not in Primary anymore

the self-infantilization of mormons

I’ve been thinking a lot lately about being “a child of God.” It feels like I’ve been hearing it more often than ever, and in a variety of places- my political science class, my hometeacher, a casual friend. The same phrase is always a variation of:

“If more people just remembered that we’re children of God, the world would be a better place.”

“I think he just got distracted by the ways of the world and forgot that he’s a child of God.”

“The most important thing to remember is that we are children of God, and we need to always just keep that in mind and let it guide our actions.”

Jimmy ruins everything.

Jimmy ruins everything.

Mormons certainly love kids. The family is the central unit of society, the sealing ordinances ensure our families will be together forever, and who can resist some dang cute kiddos. Plus if we believe that one of the purposes of life is to “get a body,” then we gotta make that body-making happen. We’re reminded by Emily and Jimmy in Saturday’s Warrior that we can’t leave anyone up in heaven.

So we need to have as many kids as possible, hence these classy vans in every church parking lot.

And there was in the church parking lot, a multitude of heavenly eight passenger vans, praising procreation.

And there was in the church parking lot, a multitude of heavenly eight passenger vans, praising procreation.

the mormon family car

suffer the childrenBut what I want to talk about specifically is our emphasis on being childlike. It seems like a good idea- Christ said “Suffer little children, and forbid them not, to come unto me: for of such is the kingdom of heaven.” I do think there is enormous value to the aspect of being childlike that suggests humility, an eagerness to learn, and an openness to all new experiences.

However, I think that our emphasis on being childlike has warped our perceptions of youth, knowledge, trust, authority, and claiming our individual agency (just to name a few).

1. Youth

We repeat that we are children of God, but that statement suggests that we will always be children, even though our own doctrine of eternal progression declares that we will continue to grow throughout eternity. That’s not to say we stop being children of someone- simply because we become parents ourselves doesn’t mean we’re no longer the children of our parents- but our obsession with the imagery of ourselves as children of God stunts our mental potential to become truly like our Heavenly Parents.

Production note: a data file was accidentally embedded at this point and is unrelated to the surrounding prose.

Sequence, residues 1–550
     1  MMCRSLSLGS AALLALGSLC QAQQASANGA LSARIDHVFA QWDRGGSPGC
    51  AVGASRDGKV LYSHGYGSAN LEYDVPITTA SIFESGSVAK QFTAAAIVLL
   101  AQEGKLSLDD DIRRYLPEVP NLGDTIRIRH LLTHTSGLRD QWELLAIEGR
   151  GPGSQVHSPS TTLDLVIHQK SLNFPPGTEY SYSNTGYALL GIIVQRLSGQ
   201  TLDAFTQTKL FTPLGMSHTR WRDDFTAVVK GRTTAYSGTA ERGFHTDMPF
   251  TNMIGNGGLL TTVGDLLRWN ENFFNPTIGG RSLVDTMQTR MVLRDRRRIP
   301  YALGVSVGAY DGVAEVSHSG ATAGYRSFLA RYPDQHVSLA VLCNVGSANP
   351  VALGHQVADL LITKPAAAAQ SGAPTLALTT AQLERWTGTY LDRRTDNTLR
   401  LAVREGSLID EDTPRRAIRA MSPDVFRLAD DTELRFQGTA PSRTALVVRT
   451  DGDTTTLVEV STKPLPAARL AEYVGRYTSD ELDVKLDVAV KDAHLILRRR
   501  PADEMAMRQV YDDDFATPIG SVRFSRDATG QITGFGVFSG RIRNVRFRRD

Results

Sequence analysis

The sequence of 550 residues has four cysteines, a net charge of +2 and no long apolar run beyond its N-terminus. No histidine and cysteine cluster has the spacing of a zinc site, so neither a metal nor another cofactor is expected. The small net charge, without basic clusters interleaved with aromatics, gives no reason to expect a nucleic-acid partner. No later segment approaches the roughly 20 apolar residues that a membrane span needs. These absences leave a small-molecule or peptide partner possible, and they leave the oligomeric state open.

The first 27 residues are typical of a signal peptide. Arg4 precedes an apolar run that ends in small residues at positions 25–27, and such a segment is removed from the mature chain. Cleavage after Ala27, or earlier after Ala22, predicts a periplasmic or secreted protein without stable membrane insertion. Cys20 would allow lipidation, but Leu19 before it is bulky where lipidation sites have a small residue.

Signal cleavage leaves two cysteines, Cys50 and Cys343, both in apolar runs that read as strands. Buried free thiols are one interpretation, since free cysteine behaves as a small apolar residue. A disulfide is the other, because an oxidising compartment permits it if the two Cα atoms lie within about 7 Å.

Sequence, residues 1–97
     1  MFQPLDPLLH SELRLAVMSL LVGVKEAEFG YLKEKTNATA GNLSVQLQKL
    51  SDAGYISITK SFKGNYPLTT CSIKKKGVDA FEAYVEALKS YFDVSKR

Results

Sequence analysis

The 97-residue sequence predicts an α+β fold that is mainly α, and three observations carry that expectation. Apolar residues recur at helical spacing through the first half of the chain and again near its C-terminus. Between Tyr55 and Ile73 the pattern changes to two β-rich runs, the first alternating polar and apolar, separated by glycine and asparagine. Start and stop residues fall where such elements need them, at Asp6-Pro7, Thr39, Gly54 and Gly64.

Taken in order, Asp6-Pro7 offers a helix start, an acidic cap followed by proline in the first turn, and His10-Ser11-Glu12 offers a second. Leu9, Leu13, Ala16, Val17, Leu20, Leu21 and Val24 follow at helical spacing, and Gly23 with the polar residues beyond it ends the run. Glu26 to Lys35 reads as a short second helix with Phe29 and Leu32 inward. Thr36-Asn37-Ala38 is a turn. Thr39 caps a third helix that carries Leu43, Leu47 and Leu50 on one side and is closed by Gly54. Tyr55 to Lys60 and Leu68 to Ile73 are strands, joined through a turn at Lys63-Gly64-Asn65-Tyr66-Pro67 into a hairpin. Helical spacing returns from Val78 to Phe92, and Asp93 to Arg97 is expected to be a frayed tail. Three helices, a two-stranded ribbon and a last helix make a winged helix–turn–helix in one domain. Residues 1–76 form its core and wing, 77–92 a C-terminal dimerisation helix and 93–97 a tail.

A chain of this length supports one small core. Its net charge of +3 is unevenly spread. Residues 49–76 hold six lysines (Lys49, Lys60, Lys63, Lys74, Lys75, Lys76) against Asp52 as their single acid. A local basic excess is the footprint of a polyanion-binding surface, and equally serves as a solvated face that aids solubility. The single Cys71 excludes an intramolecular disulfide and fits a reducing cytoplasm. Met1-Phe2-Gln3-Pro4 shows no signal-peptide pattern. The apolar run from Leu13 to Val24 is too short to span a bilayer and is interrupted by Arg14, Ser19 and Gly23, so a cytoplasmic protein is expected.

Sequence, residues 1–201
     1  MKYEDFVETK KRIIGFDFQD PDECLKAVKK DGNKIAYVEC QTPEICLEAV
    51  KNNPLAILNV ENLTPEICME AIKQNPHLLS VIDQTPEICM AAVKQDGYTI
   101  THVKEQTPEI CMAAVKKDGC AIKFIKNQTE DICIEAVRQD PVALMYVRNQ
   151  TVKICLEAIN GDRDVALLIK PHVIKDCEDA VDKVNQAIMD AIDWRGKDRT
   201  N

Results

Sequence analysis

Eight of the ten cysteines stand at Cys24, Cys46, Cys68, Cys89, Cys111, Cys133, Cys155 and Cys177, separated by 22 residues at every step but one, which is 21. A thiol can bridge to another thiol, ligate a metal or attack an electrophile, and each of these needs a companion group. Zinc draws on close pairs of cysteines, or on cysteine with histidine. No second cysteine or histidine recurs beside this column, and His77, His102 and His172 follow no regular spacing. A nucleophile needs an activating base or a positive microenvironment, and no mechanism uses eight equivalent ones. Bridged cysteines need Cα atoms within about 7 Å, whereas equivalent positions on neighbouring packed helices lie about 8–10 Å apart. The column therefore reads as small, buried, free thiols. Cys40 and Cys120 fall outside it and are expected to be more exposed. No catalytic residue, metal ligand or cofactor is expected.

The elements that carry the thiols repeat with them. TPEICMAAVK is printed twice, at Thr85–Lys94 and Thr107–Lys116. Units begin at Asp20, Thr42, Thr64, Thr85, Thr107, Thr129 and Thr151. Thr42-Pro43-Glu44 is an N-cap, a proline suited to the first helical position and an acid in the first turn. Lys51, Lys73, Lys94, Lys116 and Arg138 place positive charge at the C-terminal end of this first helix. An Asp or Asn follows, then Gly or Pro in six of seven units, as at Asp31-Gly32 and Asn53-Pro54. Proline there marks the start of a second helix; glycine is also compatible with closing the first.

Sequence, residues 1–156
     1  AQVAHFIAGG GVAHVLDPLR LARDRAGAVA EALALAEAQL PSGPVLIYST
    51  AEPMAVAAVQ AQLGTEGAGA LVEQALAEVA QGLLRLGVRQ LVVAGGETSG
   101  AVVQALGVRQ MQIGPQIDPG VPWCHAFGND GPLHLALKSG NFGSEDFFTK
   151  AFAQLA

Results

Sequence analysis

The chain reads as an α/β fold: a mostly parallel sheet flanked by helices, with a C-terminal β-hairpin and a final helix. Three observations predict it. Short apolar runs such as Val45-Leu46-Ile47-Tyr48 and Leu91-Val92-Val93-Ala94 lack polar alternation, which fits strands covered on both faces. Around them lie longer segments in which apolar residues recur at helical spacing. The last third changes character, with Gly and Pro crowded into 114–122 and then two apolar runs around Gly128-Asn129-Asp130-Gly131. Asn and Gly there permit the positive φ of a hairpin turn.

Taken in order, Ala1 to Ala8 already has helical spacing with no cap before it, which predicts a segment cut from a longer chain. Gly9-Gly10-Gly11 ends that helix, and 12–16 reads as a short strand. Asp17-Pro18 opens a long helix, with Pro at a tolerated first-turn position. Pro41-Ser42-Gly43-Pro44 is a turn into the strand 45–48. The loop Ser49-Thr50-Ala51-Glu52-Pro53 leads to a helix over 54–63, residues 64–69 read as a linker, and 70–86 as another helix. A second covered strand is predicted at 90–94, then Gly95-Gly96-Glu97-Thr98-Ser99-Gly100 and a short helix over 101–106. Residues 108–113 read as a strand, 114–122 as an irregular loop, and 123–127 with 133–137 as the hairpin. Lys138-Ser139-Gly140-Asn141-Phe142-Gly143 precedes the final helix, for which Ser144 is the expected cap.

2. Knowledge

I think it’s possible that the idea that we are just children can make us complacent with not knowing very much about our own doctrine. We are content to be severely lacking in specifics for many other reasons, but I think that our acceptance of ourselves as being just wittle kids in the gospel with SO MUCH to learn makes us think that to ask for greater knowledge would be wrong. We are too young and inexperienced and ignorant to understand, so we should just go along with what we have and trust that God will know when we’re old enough for more. We allow this perception of ourselves to impede our spiritual growth and muck up the process of individual revelation.

3. Trust

Have you ever noticed how easily Mormons are duped? Reports are rampant that Mormons use their ward connections to extort fellow members into buying superfluous products or going in on ponzi schemes. Ecclesiastical abuse is real and far more common than we’d care to admit. We trust our brothers and sisters and we trust those in positions of power. Children are obedient and naturally trusting, so why should we question or be healthily critical of those around us?

4. Authority

The paradigm of human beings as children forever places us in a permanent dependent position that defers to any authority. It negates or at least mocks the potential for us to own our own agency, to act assertively and powerfully for the things we believe in, and to have healthy relationships to authority. Continually emphasizing our status as children and our need to be childlike distracts from productive discussions and healthy paradigms of adulthood; instead of acknowledging and nurturing humble, respectful, accountable adults, we are nursing an adolescent image of naiveté and struggling innocence under the authority of ….other children.

5. Obedience and claiming our agency